A man with face mask walks on a pedestrian bridge amid coronavirus outbreak, in Jakarta, Indonesia. Reuters
Indonesia is set to release about 30,000 prisoners early as the Southeast Asian nation seeks to avoid a possible surge in coronavirus infections in its overcrowded prisons.
A document issued by the law and human rights ministry reviewed by Reuters stipulated that adult prisoners would be eligible for parole if they had served two-thirds of their sentences, while children would be eligible if they served half of their jail term.
Ministry spokesman Bambang Wiyono said on Tuesday the parole would encompass around 30,000 prisoners.
Indonesia is the world's fourth most populous nation and President Joko Widodo on Tuesday declared a national public health emergency in a bid to contain the coronavirus outbreak. So far, the government has reported 1,414 infections and 122 deaths from the virus, but some officials and experts believe a lack of testing has masked the scale of the outbreak.
Official data shows there are 270,386 prisoners across Indonesia, more than twice the official capacity of its jails, as a war on drugs has led to a surge in the number of people locked up. Many centres also lack proper sanitation, which makes inmates particularly vulnerable to the spread of diseases.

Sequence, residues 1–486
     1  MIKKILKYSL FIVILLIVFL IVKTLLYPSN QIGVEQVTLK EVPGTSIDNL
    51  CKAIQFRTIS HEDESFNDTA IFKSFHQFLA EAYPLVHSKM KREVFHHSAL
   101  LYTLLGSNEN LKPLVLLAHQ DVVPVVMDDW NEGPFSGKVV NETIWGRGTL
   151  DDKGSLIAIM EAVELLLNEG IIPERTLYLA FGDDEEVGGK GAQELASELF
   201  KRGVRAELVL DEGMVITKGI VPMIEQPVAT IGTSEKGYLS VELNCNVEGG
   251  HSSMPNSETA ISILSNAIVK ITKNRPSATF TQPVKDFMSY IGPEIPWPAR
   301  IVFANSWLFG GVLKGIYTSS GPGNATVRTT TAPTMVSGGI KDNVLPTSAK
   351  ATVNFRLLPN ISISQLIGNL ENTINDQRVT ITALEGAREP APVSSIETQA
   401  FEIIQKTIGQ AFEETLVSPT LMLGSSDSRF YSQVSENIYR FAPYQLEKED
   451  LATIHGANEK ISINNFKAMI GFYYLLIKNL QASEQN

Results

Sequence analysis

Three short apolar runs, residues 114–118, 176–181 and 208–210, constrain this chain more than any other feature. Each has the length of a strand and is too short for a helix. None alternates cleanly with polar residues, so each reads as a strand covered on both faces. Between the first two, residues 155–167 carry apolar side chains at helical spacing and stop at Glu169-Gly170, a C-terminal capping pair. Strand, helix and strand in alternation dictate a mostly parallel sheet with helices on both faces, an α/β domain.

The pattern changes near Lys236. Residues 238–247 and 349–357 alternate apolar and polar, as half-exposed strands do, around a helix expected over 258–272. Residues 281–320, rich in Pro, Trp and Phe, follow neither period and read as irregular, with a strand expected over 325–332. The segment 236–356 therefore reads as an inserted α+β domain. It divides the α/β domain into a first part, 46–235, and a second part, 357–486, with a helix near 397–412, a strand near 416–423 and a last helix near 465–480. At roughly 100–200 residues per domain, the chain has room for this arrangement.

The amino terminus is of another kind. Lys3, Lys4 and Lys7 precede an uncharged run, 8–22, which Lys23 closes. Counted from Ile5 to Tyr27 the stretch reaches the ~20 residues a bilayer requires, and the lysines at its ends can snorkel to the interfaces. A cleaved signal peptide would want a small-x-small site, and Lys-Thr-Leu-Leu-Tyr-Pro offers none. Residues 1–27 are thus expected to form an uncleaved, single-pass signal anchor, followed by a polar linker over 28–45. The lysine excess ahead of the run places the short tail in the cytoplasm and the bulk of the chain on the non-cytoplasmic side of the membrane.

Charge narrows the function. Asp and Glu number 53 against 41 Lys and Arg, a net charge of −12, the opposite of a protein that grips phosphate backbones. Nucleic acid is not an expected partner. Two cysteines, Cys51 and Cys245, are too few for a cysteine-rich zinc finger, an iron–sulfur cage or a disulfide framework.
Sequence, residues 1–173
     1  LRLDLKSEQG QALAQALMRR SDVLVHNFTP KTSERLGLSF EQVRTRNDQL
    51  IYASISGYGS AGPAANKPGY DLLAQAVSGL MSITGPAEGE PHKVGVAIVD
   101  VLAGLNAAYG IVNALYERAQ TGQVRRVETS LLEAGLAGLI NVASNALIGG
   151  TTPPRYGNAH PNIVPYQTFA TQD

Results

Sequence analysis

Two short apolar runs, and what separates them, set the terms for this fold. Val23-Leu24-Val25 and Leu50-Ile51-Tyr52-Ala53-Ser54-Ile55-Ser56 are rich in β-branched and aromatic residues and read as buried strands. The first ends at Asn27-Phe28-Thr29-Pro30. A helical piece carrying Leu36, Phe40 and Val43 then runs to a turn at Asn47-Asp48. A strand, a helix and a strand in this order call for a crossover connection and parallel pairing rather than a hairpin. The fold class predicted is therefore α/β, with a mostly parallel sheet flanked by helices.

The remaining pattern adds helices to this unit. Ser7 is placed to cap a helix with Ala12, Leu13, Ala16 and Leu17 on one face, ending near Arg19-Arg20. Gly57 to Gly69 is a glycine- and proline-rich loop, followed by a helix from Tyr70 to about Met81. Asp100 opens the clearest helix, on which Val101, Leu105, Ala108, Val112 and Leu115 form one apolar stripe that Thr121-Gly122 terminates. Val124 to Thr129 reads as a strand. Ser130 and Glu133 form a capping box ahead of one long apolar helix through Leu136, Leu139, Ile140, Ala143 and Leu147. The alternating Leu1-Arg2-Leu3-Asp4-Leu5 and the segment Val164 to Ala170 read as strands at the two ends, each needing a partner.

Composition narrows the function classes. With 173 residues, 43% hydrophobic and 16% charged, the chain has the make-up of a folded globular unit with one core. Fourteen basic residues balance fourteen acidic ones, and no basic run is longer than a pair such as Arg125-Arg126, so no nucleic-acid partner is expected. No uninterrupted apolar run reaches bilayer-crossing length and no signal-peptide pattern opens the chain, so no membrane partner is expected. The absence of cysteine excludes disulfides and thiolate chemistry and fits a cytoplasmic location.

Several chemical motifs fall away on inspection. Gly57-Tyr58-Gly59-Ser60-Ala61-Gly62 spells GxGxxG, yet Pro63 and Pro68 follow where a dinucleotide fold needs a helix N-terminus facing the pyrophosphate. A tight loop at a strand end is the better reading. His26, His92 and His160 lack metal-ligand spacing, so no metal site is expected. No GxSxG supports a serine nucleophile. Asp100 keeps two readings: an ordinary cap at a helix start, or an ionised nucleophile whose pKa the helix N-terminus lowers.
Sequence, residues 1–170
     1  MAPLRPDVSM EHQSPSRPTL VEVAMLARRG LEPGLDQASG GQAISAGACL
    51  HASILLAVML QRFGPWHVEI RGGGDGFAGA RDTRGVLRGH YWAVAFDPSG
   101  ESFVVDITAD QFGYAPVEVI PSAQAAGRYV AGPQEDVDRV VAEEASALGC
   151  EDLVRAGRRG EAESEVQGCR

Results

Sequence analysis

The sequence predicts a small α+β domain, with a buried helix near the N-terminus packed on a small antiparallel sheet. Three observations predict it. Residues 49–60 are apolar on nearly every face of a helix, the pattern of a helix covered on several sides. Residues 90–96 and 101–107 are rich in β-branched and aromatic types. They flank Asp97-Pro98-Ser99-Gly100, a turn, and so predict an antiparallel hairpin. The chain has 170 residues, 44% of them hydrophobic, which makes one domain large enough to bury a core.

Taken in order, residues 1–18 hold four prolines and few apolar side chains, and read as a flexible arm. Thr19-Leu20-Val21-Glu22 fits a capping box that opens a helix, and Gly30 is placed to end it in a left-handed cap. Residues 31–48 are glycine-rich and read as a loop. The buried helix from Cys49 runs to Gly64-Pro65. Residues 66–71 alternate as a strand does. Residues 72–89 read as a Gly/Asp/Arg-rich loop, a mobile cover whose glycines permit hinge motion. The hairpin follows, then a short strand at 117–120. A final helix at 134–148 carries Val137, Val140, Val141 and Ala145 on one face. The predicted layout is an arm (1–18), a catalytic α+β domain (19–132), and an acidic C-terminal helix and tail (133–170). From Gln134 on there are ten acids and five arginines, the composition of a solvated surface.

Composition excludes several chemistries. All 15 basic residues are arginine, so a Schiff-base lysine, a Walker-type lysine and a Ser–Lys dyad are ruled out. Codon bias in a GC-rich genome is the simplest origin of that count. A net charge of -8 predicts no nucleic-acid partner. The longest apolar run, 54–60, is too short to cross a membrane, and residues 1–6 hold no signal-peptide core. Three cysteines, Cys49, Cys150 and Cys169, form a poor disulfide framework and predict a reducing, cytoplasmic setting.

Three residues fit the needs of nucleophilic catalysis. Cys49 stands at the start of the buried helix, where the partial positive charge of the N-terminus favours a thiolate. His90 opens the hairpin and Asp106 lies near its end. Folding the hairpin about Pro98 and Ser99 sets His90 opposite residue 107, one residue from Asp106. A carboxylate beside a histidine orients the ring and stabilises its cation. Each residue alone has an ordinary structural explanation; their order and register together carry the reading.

Erasmus Napitupulu, executive director of the Institute for Criminal Justice Reform (ICJR), welcomed the parole, but urged the government to widen it to include more prisoners.
Other countries including Iran and the United States have also released prisoners early in a bid to stem the accelerating spread of coronavirus in jails.
Widodo has said he would impose stricter rules on mobility and social distancing as a study presented to the government warned that more than 140,000 people could die from the coronavirus by May unless it takes tougher action.
The sum was initially earmarked for non-priority spending, such as overseas business trips, and projects that have now been delayed, Sri Mulyani Indrawati told an online news conference.
A zoo in Indonesia may slaughter some of its animals to feed others, such as a Sumatran tiger and a Javan leopard, if it runs out of food in coming months after the coronavirus pandemic forced it to shut it doors.
Yurianto confirmed 282 new coronavirus infections, taking the total in the Southeast Asian country to 4,839. A total of 426 people have recovered, he said.
More than 33,600 tests have been performed, Yurianto added.
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